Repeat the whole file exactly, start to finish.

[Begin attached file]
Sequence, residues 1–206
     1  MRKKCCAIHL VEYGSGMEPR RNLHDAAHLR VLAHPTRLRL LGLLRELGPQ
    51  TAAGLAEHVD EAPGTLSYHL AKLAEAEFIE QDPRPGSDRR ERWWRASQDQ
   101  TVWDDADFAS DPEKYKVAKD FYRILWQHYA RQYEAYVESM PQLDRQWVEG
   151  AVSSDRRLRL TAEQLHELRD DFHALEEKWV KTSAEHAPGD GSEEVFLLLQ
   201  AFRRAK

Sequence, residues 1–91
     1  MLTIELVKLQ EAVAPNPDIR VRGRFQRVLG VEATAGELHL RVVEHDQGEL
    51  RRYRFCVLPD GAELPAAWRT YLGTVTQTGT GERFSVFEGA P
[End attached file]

Sequence, residues 1–206
     1  MRKKCCAIHL VEYGSGMEPR RNLHDAAHLR VLAHPTRLRL LGLLRELGPQ
    51  TAAGLAEHVD EAPGTLSYHL AKLAEAEFIE QDPRPGSDRR ERWWRASQDQ
   101  TVWDDADFAS DPEKYKVAKD FYRILWQHYA RQYEAYVESM PQLDRQWVEG
   151  AVSSDRRLRL TAEQLHELRD DFHALEEKWV KTSAEHAPGD GSEEVFLLLQ
   201  AFRRAK

Sequence, residues 1–91
     1  MLTIELVKLQ EAVAPNPDIR VRGRFQRVLG VEATAGELHL RVVEHDQGEL
    51  RRYRFCVLPD GAELPAAWRT YLGTVTQTGT GERFSVFEGA P